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                               Graphs by Groups
                                O Individual Graphs

                                             Label

                                1   a   \2
                                2   a   \2
                                3   a   \2
                                4   a
• Group Graphs


        Value
           •   Multiple graphs for selected variables are produced by selecting options: Multiple Box
               Plots or Multiple Q-Q Plots. Using the Group  Graph option, multiple graphs for all
               selected variables are shown on the  same graphical display. This option is useful when
               data (e.g., site lead and background lead) to be compared are given in different columns.

Notes: It should be noted that it is the users' responsibility to provide an adequate amount of detected data
to perform the group operations. For example, if the  user desires to produce a graphical Q-Q plot (using
only detected data) with regression lines displayed, then there should be at least two detected points (to
compute slope, intercept, and sd) in the data set. Similarly, if graphs are desired for each group specified
by a Group ID variable, there should be at least two detected observations in each group specified by the
Group ID  variable.  ProUCL displays a warning message (in orange)  in the  lower Log Panel of the
ProUCL screen when not enough data are available to perform a statistical or graphical operation.
92

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                                         Chapter 4


                                   General Statistics


The General Statistics option is available under the Stats/Sample Sizes module of ProUCL 5.0. This
option is used to compute general  statistics including simple summary  statistics (e.g., mean, standard
deviation) for all selected variables. In addition to simple summary statistics, several other statistics are
computed for full uncensored data  sets (Full  w/o NDs), and for data sets with nondetect (with NDs)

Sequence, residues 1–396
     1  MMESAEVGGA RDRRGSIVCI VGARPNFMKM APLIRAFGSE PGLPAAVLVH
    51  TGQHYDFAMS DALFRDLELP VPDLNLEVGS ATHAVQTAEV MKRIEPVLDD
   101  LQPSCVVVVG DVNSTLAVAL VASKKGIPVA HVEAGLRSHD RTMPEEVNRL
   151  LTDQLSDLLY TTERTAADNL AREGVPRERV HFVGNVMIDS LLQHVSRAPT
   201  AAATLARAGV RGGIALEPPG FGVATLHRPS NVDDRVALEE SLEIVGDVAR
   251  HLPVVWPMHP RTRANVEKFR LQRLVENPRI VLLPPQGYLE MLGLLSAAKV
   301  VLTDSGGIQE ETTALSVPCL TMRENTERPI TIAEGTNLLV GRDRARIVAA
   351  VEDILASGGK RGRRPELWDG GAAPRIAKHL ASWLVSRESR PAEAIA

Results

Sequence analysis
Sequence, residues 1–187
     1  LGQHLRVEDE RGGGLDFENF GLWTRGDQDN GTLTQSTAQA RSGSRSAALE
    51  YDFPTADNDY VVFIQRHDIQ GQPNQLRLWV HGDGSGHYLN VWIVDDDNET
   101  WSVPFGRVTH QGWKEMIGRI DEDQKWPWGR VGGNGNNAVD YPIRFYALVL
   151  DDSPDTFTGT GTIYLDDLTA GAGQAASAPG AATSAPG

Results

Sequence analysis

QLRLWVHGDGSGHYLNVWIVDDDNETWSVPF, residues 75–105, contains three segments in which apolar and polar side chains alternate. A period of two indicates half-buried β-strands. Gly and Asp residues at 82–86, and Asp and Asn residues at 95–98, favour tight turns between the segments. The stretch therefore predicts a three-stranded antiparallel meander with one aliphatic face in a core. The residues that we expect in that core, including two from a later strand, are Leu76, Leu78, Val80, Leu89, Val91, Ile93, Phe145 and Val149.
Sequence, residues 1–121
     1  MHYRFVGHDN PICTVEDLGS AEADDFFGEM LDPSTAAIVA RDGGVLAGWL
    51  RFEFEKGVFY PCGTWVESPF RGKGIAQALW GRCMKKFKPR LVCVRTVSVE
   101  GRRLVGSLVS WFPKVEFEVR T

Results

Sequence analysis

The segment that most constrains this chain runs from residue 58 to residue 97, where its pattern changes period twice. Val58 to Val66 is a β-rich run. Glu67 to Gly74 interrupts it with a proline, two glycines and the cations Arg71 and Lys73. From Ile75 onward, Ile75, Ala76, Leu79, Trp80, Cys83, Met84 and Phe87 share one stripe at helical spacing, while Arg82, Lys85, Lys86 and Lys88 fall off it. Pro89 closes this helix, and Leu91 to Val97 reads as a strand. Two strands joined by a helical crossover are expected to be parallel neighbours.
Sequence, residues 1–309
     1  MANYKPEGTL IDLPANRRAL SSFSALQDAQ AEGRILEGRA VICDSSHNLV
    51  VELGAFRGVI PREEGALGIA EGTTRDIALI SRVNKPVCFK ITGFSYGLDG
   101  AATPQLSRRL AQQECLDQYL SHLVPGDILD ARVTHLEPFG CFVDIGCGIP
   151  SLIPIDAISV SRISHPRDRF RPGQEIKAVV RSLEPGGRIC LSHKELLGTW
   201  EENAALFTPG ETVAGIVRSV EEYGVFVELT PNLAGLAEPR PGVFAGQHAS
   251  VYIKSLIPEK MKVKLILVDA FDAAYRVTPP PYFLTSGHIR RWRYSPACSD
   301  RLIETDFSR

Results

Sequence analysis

observations (e.g., estimates based upon the KM method). Two Menu options: Full w/o NDs and With
NDs are available.

           •   Full (w/o NDs): This option computes general statistics for all selected variables.

           •   With NDs: This option computes general statistics including the KM method based mean
               and standard deviations for all selected variables with ND  observations.

Each menu option (Full (w/o NDs) and With NDs) has two sub-menu options:

           •   Raw Statistics

           •   Log-Transformed

When  computing general statistics  for raw data,  a message  will be displayed for each variable that
contains  non-numeric  values. The  General Statistics  option  computes  log-transformed (natural log)
statistics  only if all of the data values for the selected variable(s) are positive real numbers. A message
will be  displayed  if  non-numeric  characters,  zero,  or  negative values  are  found  in  the  column
corresponding to a selected variable.

4.1    General Statistics for Full Data Sets without NDs

1.      Click General Statistics ^  Full (w/o NDs)
        i;J  File  Edit  Stats/Sample Sizes  Graphs  Statistical Tests  Upper Limrts/BTVs  UCLs/EPCs Windows  Help
           Navigation F
                     General Statistics
                                              Full (w/o NDs)